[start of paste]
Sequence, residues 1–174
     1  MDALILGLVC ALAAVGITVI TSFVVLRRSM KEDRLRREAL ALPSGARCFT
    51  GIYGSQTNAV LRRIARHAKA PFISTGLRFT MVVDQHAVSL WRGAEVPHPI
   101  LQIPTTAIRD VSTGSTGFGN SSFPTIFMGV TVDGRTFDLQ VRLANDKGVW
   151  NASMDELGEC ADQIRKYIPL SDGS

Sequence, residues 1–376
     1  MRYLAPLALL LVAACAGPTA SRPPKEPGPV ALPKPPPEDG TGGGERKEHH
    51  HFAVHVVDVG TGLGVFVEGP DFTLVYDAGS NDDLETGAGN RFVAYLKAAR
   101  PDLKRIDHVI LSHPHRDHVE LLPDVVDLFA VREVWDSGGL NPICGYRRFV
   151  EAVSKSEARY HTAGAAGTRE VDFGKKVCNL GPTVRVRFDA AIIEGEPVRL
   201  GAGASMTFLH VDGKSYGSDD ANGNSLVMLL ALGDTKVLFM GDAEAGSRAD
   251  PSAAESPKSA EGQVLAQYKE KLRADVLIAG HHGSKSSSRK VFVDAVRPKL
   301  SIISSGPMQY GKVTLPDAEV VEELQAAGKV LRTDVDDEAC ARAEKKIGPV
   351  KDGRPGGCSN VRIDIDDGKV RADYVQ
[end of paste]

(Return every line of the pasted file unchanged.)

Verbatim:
Sequence, residues 1–174
     1  MDALILGLVC ALAAVGITVI TSFVVLRRSM KEDRLRREAL ALPSGARCFT
    51  GIYGSQTNAV LRRIARHAKA PFISTGLRFT MVVDQHAVSL WRGAEVPHPI
   101  LQIPTTAIRD VSTGSTGFGN SSFPTIFMGV TVDGRTFDLQ VRLANDKGVW
   151  NASMDELGEC ADQIRKYIPL SDGS

Sequence, residues 1–376
     1  MRYLAPLALL LVAACAGPTA SRPPKEPGPV ALPKPPPEDG TGGGERKEHH
    51  HFAVHVVDVG TGLGVFVEGP DFTLVYDAGS NDDLETGAGN RFVAYLKAAR
   101  PDLKRIDHVI LSHPHRDHVE LLPDVVDLFA VREVWDSGGL NPICGYRRFV
   151  EAVSKSEARY HTAGAAGTRE VDFGKKVCNL GPTVRVRFDA AIIEGEPVRL
   201  GAGASMTFLH VDGKSYGSDD ANGNSLVMLL ALGDTKVLFM GDAEAGSRAD
   251  PSAAESPKSA EGQVLAQYKE KLRADVLIAG HHGSKSSSRK VFVDAVRPKL
   301  SIISSGPMQY GKVTLPDAEV VEELQAAGKV LRTDVDDEAC ARAEKKIGPV
   351  KDGRPGGCSN VRIDIDDGKV RADYVQ